Have you ever come out of yourself as you have been thinking, and seen life as if you were looking down on yourself? I had one of those moments at the weekend and have decided to share it with you.

Sometimes we can think too much rather than just get on with living. But also it is important to stop and reflect at times, and the other day I found myself doing this unconsciously.

I was in Garvald with my family. As I’ve said before it’s a favourite haunt of ours, a beautiful village nestled in the foothills of the Lammermuirs, with a cosy pub that serves delicious food. It’s a staging post for travel into the wilds that sit just to the south along a twisting narrow road.

We were enjoying a balmy sunny evening. It was a simple time, a picnic laid out, with the sound of my children laughing and playing together. Wishes were floating in the warm breeze. Since everyone was preoccupied with having a good time, I went for a wee wander with my youngest.

The Papana Water flows by the village at the end of the field by the playpark and so I ventured there. Still, the only sound in the air I could really discern was that of my children laughing and playing.

When I got to the burn it trickled rather than flowed. Evidence of children’s play activities could be seen: a makeshift dam built with pebbles, larger stones re-arranged to form a mini bridge. Then new sounds came to me. I heard the bells of nearby Nunraw Abbey, at least I assumed that was what they were. Then wood pigeons joined in with a chorus of their own. I stood, holding my wee boy, soaking in the simplicity of the paradise I felt we were in.

Lewis must have felt it too, because he started to gargle and blow raspberries. And it was at this moment that I came out of myself for a moment. I came out of all the worries and anxieties that bide with us in life constantly and often stop us seeing the wonder of being alive and well.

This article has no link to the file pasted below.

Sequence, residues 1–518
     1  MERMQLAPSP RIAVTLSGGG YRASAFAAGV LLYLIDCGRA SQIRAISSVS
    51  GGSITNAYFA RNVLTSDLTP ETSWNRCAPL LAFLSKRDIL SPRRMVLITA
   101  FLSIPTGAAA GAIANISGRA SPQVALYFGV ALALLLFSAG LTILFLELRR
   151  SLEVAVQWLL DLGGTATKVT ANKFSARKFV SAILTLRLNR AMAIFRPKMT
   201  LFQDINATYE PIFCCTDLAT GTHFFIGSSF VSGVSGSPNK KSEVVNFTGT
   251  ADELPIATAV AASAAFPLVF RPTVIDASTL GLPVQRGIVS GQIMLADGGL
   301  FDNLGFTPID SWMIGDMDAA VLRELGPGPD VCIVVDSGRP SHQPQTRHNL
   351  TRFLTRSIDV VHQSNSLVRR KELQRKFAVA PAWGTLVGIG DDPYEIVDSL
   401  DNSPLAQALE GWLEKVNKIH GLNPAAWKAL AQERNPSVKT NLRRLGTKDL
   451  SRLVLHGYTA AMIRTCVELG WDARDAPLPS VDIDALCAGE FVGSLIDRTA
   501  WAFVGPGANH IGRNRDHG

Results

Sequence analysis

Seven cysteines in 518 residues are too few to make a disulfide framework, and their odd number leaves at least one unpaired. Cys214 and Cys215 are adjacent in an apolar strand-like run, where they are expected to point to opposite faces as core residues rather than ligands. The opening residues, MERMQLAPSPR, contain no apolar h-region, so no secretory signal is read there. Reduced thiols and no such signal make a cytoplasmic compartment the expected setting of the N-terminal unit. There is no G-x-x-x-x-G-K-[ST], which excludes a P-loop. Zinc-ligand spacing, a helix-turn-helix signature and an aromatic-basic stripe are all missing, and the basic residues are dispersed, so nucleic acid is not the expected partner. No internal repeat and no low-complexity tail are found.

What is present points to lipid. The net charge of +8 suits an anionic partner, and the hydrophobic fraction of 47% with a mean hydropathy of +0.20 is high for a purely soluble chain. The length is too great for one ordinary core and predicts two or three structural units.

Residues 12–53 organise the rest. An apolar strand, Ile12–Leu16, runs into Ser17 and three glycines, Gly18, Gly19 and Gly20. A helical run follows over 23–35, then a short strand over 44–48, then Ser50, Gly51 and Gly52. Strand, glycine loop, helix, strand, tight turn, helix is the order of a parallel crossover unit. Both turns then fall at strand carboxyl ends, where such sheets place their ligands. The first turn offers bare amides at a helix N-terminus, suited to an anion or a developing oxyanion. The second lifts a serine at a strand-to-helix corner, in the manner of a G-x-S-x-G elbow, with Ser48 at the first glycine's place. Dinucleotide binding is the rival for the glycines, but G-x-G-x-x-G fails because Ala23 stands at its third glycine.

I felt the burden of enormous privilege. Not the kind of privilege you can measure in the stock market or bank account, of course. Yet nonetheless, I did feel rich beyond measure at that moment.

I know friends who are going through awful times just now, and there can be a sense of indulgence or even guilt when you feel elated by your own joy of life. But rolling yourself in that joy, and recognising the privilege in doing so, does not mean you lack empathy with others who are struggling and suffering. Quite the opposite, as my thoughts turned towards them.

And hence why I used the term burden. Perhaps responsibility would be a better word to use. Whatever we call it, I felt it at that moment. Because in my heightened sense of privilege I understood that the message within that emotion was that privilege of any kind should be used, not protected.

There are many people with privilege who believe the latter rather than the former, of course. But if we find ourselves in a position of privilege in any way, understanding we are lucky and fortunate compared to others, if we wrap it up and keep it as ‘our precious’, denying others an opportunity to share in the possibilities it affords, well then we sour it.

But let’s be honest, it is not always easy to share is it? We tell our children that sharing is good, that it makes life better, that we get things back as well as having to give. We often lose that lesson as we grow up.

And so that is why I cannot keep silent about the desperate people who are now risking everything in the hope and belief that our privileged society is one with an ability and heart to share its good fortune.

Can you imagine if in the 1930s those persecuted by the Nazis had had an opportunity to flee. Would we have then said, no, sorry there are over six million of you, we cannot help? Would we have built a fence against this ‘swarm’?

That was the thought which overwhelmed me that evening. The simple and wonderful joys around me were an impossible dream for those fleeing the horror of war and atrocity. If I was in their desperate situation, would I bundle up my children and family with love and do my best to take them to a place where such simple joys can once again be a reality? I am without doubt I would... and likely so would you.

Yet we now seem to be huddling around our privilege, not allowing anyone near ‘our precious’, and if we continue to do so, will we realise that we have soured and contaminated the very thing we want to protect: our way of life and our humanity.

I wandered back to my family, my thoughts back in the moment, and the need to go soon and get the bairns ready for bed.

Few, I suspect, know about Garvald’s tranquil joy, fewer still of those who are risking their lives to reach us. But that small place has given me a sense of how I must use my burden of responsibility and a broader understanding of the teaching to ‘Love thy neighbour as yourself’.